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Tamiya 1/12 scale Yamaha XV1000 Virago Item no. 14052 1400yen
Move your mouse over the bikes to see what are the modification I did!

I buy this kit because it's no longer available here in Singapore. The normal Virago is still plentiful. There will be little detailing of this bike as I am not familiar with the real bike even thou my friend owns one and will be great to have its 1:1 for references but then he sold it before I could start!

So its gonna be an out-of-the-box, box-stock, build? Well almost. I could not help to detail a few parts, mainly the brake caliper areas and the use of Photo Etched bolts, nuts and screws.

Extras that I added for this kit is the "Radar Detector" A must when you are cruising the highway and avoiding any speeding tickets! I also added some

<Notice the photo-etched "Slot screw head" to the ignition area to simulate the keyhole.

"leather" fringe on the handlebars' end. This is very popular among cruiser so I thought it might be interesting. I use Tamiya masking tape for these.

The Body:
The kit is fairly simple to build and instead of following the instruction to the dot, I choose to paint the body first! As Singapore is humid, it seems that my models' paint work takes ages to dry thus I choose to paint the body first as it will be subjected to a lot of handling like puttying, sanding, priming, painting, clear coating, polishing and finally waxing it. It’s a time consuming affair. I allows 3 to 4 days for the putty to set and upto three weeks for the paint. I give three days in between coats. The last stage of clear coating demands the most patient . It need to set and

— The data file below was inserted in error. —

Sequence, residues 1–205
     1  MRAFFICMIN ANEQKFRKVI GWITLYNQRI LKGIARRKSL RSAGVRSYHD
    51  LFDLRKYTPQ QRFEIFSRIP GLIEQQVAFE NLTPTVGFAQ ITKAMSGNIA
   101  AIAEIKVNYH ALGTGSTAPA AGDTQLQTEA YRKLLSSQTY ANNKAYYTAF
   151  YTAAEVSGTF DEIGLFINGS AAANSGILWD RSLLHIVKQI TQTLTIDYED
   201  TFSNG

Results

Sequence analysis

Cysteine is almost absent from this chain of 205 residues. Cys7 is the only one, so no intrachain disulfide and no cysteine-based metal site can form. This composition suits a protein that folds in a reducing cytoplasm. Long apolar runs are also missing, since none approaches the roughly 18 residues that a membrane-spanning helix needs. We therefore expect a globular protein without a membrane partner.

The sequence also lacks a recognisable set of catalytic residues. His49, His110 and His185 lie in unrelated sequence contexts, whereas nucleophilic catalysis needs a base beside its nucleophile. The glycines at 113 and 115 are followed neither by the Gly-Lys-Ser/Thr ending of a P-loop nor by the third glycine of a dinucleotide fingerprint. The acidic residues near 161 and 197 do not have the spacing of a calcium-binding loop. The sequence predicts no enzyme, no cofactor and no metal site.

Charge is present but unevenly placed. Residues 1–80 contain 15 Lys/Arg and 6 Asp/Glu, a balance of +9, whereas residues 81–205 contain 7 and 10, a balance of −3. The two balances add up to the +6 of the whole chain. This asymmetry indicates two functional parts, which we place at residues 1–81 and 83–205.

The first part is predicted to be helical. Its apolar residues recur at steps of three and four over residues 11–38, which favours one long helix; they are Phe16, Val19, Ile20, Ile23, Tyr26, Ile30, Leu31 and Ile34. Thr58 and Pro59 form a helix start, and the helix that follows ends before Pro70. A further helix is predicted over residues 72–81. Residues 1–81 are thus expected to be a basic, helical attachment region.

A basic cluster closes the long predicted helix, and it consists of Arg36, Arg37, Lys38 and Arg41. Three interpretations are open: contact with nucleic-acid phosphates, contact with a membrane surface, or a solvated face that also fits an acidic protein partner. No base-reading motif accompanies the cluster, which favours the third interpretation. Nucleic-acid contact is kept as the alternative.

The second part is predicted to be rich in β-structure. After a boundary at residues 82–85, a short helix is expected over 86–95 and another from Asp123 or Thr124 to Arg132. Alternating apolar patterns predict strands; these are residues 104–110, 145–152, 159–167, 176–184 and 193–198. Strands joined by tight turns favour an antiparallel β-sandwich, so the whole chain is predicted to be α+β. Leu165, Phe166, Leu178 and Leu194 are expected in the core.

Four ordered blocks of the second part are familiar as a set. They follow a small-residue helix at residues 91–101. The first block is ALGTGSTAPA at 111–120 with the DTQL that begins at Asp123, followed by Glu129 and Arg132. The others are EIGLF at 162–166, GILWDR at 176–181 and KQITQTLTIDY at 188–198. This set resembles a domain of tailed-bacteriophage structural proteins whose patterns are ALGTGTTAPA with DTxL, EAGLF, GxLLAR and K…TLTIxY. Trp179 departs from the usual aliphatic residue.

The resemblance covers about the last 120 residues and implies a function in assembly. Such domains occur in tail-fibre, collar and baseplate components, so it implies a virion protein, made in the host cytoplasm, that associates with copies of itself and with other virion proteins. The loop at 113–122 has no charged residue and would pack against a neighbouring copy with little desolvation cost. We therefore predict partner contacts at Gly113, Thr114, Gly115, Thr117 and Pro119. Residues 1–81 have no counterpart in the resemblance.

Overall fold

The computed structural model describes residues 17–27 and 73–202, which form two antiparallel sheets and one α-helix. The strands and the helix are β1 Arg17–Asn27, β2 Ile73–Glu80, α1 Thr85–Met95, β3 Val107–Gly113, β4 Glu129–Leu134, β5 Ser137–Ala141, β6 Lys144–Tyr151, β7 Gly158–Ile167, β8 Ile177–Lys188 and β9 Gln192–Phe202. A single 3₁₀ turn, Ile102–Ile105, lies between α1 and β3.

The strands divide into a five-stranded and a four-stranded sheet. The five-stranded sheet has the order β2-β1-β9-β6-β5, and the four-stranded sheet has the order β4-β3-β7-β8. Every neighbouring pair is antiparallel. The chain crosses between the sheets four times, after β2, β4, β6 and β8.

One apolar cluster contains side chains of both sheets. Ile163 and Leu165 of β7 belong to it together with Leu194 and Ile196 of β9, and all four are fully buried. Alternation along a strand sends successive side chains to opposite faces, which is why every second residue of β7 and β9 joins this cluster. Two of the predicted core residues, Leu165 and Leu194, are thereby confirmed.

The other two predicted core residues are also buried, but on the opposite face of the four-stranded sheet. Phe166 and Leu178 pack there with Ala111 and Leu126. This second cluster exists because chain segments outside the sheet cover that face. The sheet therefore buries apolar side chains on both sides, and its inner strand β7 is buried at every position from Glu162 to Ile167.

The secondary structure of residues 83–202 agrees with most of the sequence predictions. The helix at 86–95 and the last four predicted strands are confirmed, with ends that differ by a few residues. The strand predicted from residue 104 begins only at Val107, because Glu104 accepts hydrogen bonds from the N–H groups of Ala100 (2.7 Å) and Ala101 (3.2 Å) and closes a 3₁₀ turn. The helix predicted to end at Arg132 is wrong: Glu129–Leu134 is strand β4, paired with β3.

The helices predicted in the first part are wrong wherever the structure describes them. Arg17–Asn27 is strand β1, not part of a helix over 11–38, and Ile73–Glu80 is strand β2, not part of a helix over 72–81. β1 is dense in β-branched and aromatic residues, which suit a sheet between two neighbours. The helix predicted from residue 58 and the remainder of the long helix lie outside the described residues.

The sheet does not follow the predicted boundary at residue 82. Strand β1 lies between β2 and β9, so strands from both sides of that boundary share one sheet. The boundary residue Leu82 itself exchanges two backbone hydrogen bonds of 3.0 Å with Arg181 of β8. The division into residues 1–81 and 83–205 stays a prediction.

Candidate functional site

< The other half of the caliper was taken from Tamiya SR600. Notice the speedometer cable? Its glue to the axle and not to the fork.

<I blotch up on the lettering! I need to polish my skill on this one. The gold was from Tamiya paint maker. I eject some paint off it and painted the lettering using a fine brush. Guesses my hand isn't steady enough. The gold leaf did not turn out gold enough. Next time I'll use chrome silver and later a clear yellow over it instead of gold leaf.

harden properly if not when you start to polish (with Tamiya Rubbing Compound), the paint might get damaged.

All the chrome parts are treated to a coat of Tamiya clear, in the future I will be using Johnson's Future Floor wax, as the result is more consistent. The problem with Tamiya clear spray can (in my case) is that if I am to spray it thick, it will blur the chrome, the end result is a foggy finish. It can crack months later too! If I spray layers of light coat it leaves a textured finish, sort of like "orange peel" or egg shell texture. But sometime it works without hitches? I am at a total lost. Wash the parts before I spray? Yes, I always wash them before I undertake any spray job. So it's "Future Floor Wax" for me in the future.

Well so much for the Tamiya clear spray, the rest of the painting are a breeze as this kit doesn't needs lots of colours to paint unlike the modern Tamiya GP bikes.

Front end:
The front end is very simple, for the brake calipers, I cut them off my spare Tamiya Yamaha SR600's and glue them to the stock caliper half. Other area includes a fully wired handlebar playing around with different gauge of fine wires. These are to simulate the various cables you will fine on a motorcycle handlebars: Electrical cables for the starter, lights and the various switches, clutch cable, brake cables, throttle cables and so on…

Where is the rider:
As most of my bikes are built without riders, I did not build the touring rider and I sold it off at ebay. However I did retain the luggage but did not include it in these pictures, as I will use these luggages for my 1/12 scale "round the world tour" rally car project (still dreaming on…)


If you got any questions feel free to email me at:

<More photo-etch here. Using the smallest PE washer to bring out the details of the rear drum brakes acutators

see the instruction manual